Monday, September 14, 2009

Explosion inside

I shot this picture about a week ago, and didn't bother do write about it since the setup was pretty simple.Still, I've recieved a lot of questions about how I shot it, so here we go.

Idea and setup
Earlier this day I was at work. My colleague asked me to throw a bottle of water to her. I noticed how the water looked, as if it exploded. I thought it would be interesting to freeze that motion. On my way home I bought a cardboard with gold coating which I wanted to use as background for this shot. I was fed up with colorful backdrops, including black or white ones.

I placed the golden cardboard up against the wall and a SB-600 flash on the left side. I put a pillow on the floor in front of the backdrop. I drank up a bottle of vodka and fell asleep. When I woke up the next day, I removed the lables from the bottle and cleaned it with nail polish remover, since it was covered with label glue. I filled the bottle with water almost to the top.


Oops, sorry for including my new Epson 1400 A3+ printer in this setup description...

Exposure
Exposure was pure luck. Ended up with these settings:

Flash: SB-600, 1/8 power, 24mm zoom
Exposure: 1/250@f/8, ISO 200
Camera: Nikon D300
Lens: Nikkor 50mm f/1.8D

Shooting and post processing
I mounted the camera to the tripod and pointed it at the background. I connected the remote shutter cable and held the bottle in front of the camera, allowing it to auto focus on the bottle by pressing the shutter halfway down. I threw the bottle up in the air while giving it a little spin and pressed the shutter. I did shoot only one picture for each throw. I repeated this action about ten times, but I ended up using the first test shot.

This is the RAW file:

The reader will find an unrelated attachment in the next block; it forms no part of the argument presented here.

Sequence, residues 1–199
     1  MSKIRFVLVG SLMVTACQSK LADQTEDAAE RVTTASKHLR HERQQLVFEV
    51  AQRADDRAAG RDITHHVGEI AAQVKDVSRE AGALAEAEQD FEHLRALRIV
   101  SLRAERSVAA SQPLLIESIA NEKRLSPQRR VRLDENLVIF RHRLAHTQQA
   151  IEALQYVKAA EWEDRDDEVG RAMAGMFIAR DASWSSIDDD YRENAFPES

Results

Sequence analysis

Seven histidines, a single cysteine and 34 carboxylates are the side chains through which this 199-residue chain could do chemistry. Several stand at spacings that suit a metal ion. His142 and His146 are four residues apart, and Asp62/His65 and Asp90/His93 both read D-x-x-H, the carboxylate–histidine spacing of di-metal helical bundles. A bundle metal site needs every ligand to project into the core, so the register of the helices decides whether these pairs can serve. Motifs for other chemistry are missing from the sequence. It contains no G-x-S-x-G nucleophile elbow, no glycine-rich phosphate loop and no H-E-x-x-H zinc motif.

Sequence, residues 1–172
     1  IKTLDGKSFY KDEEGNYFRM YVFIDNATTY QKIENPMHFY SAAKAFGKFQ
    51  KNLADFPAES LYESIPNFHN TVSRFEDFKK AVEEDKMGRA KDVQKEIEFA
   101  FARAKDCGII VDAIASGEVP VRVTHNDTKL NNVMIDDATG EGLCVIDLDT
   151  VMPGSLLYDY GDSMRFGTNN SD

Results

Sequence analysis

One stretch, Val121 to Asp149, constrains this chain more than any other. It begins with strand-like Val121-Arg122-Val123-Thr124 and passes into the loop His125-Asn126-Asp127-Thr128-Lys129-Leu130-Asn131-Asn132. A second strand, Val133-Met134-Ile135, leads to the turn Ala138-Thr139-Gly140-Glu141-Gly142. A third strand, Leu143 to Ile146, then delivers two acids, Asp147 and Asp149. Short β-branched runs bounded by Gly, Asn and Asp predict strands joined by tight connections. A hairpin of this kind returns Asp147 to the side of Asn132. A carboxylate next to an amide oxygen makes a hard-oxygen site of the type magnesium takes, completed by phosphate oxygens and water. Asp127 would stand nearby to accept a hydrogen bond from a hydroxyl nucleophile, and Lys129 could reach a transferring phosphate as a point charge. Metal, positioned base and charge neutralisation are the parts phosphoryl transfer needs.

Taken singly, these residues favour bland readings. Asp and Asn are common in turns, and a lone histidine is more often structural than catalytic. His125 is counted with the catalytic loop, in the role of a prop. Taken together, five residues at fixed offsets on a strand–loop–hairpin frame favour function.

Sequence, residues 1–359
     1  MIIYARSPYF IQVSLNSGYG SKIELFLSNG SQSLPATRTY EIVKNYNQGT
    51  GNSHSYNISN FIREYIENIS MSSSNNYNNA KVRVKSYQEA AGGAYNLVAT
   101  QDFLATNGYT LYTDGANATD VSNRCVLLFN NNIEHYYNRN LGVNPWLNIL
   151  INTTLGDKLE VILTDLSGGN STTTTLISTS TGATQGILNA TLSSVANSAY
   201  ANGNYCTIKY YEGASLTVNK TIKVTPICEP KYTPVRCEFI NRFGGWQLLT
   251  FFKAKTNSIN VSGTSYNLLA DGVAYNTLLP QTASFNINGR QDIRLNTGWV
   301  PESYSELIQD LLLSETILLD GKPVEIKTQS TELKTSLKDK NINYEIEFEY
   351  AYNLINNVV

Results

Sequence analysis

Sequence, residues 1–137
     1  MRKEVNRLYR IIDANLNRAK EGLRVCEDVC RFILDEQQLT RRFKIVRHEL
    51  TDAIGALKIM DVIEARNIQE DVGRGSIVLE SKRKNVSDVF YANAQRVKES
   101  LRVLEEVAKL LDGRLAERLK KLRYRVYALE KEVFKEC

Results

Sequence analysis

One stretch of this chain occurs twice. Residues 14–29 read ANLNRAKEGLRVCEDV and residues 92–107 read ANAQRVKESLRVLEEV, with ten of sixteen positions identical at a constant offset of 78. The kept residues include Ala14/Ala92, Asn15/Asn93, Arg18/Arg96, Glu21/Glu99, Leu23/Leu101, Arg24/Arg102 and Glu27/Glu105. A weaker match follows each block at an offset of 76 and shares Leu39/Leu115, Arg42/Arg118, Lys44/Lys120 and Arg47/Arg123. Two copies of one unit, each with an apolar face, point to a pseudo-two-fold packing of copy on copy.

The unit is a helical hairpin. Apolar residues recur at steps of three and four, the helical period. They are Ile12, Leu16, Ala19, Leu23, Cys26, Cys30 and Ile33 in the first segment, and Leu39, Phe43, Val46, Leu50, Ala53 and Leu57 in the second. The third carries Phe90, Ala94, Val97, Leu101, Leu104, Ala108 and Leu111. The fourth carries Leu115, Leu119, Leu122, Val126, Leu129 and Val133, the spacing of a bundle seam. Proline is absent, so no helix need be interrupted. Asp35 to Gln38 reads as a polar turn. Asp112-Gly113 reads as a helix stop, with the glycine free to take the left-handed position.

Look how unbelievably straight the bottle is.

In Photoshop I cleaned up the background and increased the contrast in levels. Finished with crop and sharpening.

The result:

Explosion Inside

7 comments:

matt s. said...

Incredibly creative. Thanks for sharing that.

It's one of those photos that just makes your brain hurt while trying to figure it out.

focusfinder said...

Inventive, thanks.

Is it me, or are there a lot of phorographers out there who also play guitar?

e.yessod said...

I read the article, good article
I tried, but there's room for improvement
Results for now:
http://www.flickr.com/photos/yessod/sets/72157622404498879/

Cosmin Unguru said...

Since you're line of work involves dealing with hundreds of photos, on a daily basis, I wander if you would need a solution to eliminate the repetitive and mundane tasks (like watermarking, resizing, converting, and so on)? I humbly suggest our own solution, BatchPhoto (www.batchphoto.com). If interested please contact us from our site.

Anthony said...

Hi Zetson, I wanted to give you a heads up on a question you asked back in Feb on this blog post: http://dustinsnipes.com/blog/2009/01/30/tutorial-photoshop-for-70-basketball-portraits-in-in-two-days/

You asked:
I have one question about step number three: Dodging and burning. You say you created a new layer, changed blending mode to Soft light and used a brush on this layer. I tried that, by painting black on the shadows and white on the highlights, but I think I’m doing it wrong. Because your screen shot of the layers palette shows a lot of gray tones on the Highlight/Shadow layer. Is there some info missing in step number three?


You were right, by the way. He forgot to mention that after he created the new layer he filled it with 50% gray (Edit>fill>50% gray). Then he used the actual dodge and burn tools to dodge and burn the gray.

I personally have never heard of dodging and burning with that particular method but... whatever! Hope that helped.

Nick McAlinden said...

Hi Zetson,

Not sure if you received an answer on a question you posted on Dustin Snipes blog. It was about dodging and burning the basketball portraits on a separate layer. He did miss a little important step, when you creat the new layer Apple/Shift N or Ctrl/Shift N if you are a PC user a box comes up.

You need to tick the box marked "Use previous Layer to Create Clipping Mask"

Select your blending mode (Soft Light, Hard Light, Overlay etc)

Then tick the box marked "Fill with Soft-Light-Neutral color (50% Gray)"

Then use your dodge and burn tools on this layer.

I tend to make 2 layers like this called shadows and highlights as sometimes you want to tweak them separately.

Hope this helps.

You can contact me via my website if you have any other questions www.nickmcalinden.com


Cheers!!

Mauro Burger said...

Hello. Your blog is really great. Why did you stop posting? I think a lot of people is missing you.

Greetings from Argentina.